Be a part of history with heritage walks through Georgetown 

Channel your inner Anthony Bourdain and walk down the streets of Georgetown, taking in the sights, smells and a little bit of history, with no reservations 

Rehna Abdul Kareem Published :  27th October 2017 02:18 PM   |   Published :   |  27th October 2017 02:18 PM
A slice of history

A slice of history

While George Town is a glorious testament to what the British Era left for the city, so many of us don't know the stories behind the architecture and town's blueprints. Last Saturday, aspiring architects from Da Vinci School of Design and Architecture gave us a history tour of the area, with focus on civic issues the area has been facing. The morning walk started at 8 am from Armenian Street and ended at Coral Merchant street, while the afternoon walk started from Lingi Chetty street and ended at the Armenian Church. The walk saw around 60-70 people joining in with the students who were divided into different teams - a history team, physical team, housing team and a visual team. The visual team was the most exciting to engage the public with proposals for a wall painting, a George Town tourism map, street heirarchy and a sheet based on Kevin Lynch Theory (This involved mental mapping and point-of-view planning by the famous urban planner Kevin Lynch).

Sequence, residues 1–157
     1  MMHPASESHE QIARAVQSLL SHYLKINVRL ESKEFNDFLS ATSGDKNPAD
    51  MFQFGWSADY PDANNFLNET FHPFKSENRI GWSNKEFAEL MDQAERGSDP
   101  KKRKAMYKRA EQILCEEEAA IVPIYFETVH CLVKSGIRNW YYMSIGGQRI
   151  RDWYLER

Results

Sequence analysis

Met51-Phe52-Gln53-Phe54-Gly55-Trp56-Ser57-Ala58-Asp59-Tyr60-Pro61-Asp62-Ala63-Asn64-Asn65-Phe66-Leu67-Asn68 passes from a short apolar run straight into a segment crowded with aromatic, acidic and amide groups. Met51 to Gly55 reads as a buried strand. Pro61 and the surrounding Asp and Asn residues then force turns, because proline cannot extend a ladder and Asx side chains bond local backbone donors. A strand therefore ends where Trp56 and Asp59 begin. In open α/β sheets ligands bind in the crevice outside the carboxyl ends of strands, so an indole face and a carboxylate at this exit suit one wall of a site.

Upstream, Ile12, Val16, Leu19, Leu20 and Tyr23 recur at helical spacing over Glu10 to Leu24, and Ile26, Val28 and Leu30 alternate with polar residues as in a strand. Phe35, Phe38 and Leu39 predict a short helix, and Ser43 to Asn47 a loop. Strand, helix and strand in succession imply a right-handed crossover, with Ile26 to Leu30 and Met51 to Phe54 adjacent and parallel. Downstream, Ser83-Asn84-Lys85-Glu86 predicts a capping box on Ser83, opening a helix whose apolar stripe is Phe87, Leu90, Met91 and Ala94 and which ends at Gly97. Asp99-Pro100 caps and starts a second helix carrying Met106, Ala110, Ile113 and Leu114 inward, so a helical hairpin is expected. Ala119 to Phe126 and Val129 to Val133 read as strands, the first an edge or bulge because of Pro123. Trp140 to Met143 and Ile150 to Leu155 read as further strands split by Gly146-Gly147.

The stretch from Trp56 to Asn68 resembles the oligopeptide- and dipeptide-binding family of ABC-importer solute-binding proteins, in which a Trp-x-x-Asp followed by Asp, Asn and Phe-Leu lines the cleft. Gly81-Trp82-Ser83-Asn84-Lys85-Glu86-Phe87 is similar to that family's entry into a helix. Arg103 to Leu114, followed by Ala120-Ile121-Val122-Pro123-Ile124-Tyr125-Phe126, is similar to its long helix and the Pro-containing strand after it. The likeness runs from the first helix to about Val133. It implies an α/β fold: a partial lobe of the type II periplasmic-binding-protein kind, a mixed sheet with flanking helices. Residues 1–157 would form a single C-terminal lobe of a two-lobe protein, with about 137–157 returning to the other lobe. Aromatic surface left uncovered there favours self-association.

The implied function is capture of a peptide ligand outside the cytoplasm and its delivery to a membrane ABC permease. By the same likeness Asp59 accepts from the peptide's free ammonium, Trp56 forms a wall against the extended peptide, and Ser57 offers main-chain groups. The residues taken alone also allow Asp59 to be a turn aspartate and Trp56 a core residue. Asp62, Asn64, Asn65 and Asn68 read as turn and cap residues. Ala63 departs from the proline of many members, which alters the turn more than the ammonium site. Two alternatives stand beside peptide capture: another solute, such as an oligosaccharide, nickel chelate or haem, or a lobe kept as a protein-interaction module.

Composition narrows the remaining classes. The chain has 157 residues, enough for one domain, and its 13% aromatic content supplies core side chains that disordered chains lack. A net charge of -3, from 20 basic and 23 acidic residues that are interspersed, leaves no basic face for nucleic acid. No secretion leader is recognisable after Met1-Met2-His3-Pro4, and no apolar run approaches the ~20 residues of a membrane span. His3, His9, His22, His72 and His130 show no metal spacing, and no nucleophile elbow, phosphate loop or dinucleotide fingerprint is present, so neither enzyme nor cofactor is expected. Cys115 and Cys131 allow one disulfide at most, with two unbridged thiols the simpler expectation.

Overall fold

Sharon Ashley, one of the architects who organised the walk says that the beauty of the area is that it has the most prestigious buildings in the city. "Places like Gokhale Hall (YMIA Building) and Binny Building hold so much history in them, that they should be noticed and preserved. Many temples like Kachaleshwar temple , Mallikeshwarar temple, Krishna temple, Chennakesava temple that are around 400-700 years old are left unrecognised," says Sharon. "The fact that there are many communities in one small area makes it even more fascinating. The Marwaris and Jain communities in Mint Street, Chettiars in Coral merchant street that was once a home to many Jews, Muslim communities in Mannady and the Burmese community in the Burma bazaar make Chennai even more diverse than we think."